Australia: the largest plant in the world is an alga!



by LORENZO CIOTTI

Australia: the largest plant in the world is an alga!

A sensational discovery would have been made in Australia. Off the coast not far from Shark Bay, an amrin seaweed would live which has been believed to be the largest and most extensive plant on the planet. It would cover an area of ​​about 200 sq km.

It is Posidonia australis, and it provides habitat for many species, such as fish, turtle and dolphins. Jane Edgeloe of the University of Western Australia explained: "The plant spread using rhizomes in the same way a lawn can spread.

The current 200 sq km of ribbon grass lawn appears to have expanded from a single colonizing plant." Scientists who examined the grass samples found that they were not multiple Posidonia australis specimens, but a single plant.

The plant has found a way to survive in areas where the salinity is double that of other parts of the bay and can thrive in cold water temperatures of up to 15 ° C and warm up to 30 ° C.

Some curiosities about this particular alga

The leaves arise from orthotropic rhizomes, are ribbon-like, bright green in color that turns brown with the passage of time.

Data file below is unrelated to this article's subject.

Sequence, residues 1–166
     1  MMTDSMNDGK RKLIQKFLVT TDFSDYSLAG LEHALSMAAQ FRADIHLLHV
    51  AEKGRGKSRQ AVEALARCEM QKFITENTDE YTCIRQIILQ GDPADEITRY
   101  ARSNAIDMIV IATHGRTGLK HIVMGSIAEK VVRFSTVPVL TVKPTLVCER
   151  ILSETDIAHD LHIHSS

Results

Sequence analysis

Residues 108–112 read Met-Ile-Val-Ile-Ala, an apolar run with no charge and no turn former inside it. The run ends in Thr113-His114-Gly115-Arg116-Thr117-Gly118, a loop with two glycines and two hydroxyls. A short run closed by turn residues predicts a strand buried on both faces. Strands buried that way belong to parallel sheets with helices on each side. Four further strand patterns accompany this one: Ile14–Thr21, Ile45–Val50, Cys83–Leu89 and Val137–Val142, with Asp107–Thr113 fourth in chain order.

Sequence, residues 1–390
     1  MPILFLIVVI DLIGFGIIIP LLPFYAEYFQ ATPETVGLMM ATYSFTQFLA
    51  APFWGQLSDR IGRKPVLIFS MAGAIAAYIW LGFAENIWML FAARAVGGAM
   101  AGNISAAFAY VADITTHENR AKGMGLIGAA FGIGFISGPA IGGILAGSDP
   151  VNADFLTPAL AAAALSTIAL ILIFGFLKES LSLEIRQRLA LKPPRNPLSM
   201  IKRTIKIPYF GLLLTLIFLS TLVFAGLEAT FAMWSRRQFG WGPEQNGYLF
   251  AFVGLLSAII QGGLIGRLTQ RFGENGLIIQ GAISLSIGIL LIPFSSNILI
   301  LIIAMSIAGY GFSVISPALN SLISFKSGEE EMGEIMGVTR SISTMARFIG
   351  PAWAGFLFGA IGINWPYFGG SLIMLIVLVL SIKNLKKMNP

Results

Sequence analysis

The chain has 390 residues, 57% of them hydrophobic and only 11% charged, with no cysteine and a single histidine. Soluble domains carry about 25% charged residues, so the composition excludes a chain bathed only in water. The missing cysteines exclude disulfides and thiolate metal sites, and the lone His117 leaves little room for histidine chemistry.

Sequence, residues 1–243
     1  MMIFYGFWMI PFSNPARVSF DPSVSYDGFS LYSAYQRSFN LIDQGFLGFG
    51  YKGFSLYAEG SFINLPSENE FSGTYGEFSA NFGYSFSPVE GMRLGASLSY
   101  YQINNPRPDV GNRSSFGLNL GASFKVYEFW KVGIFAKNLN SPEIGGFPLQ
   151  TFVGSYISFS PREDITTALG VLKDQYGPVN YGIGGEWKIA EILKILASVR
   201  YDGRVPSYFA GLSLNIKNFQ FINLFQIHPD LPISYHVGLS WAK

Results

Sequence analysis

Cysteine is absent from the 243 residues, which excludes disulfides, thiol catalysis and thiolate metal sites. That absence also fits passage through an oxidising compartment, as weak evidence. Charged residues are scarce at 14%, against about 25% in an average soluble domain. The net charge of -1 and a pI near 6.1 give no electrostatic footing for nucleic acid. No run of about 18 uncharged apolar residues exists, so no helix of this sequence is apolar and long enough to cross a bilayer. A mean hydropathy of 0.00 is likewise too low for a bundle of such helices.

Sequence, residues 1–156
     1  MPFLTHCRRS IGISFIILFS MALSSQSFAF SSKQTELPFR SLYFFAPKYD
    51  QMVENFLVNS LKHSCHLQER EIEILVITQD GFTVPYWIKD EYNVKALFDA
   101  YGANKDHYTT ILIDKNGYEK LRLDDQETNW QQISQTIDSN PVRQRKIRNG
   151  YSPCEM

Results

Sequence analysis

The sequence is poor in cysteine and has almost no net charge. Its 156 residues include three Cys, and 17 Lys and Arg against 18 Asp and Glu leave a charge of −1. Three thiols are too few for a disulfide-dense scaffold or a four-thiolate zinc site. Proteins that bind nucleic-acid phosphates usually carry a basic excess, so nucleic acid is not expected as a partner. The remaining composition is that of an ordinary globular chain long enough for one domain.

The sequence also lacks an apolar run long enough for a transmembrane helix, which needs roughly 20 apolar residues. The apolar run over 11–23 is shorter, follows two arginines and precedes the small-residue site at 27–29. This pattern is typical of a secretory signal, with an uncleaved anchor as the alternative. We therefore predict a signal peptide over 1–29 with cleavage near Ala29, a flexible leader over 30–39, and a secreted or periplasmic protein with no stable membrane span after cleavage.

They reach a length of about 1.5 m, are 1 cm wide on average and have 13 to 17 parallel ribs. The tips are rounded and are often lost due to the action of waves and currents. They are organized in bundles with 6 or 7 leaves, with the oldest on the outside and the youngest on the inside The fruit, slightly fleshy and commonly called sea olive, is similar to a drupe and has a porous pericarp rich in an oily substance that allows it to float.

When it rots, a seed is released, covered by a thin membrane but without a real integument, which falls to the bottom and if it finds the right conditions of depth, stability and type of sediment, it germinates and gives rise to a new plant.

In order for the seedling to take root, it must find a humified substrate. Humification consists in the degradation of plant debris, so the plant can establish itself in soils previously colonized by other plants, such as macroalgae or other phanerogams.

Thus a real ecological succession is generated in which posidonia represents the last succession stage. Germination begins with the emission of a small white root from the radical pole and a leaflet from the apical pole. With sexual reproduction, the plant colonizes new areas, spreads the grasslands to other areas and guarantees genetic variability.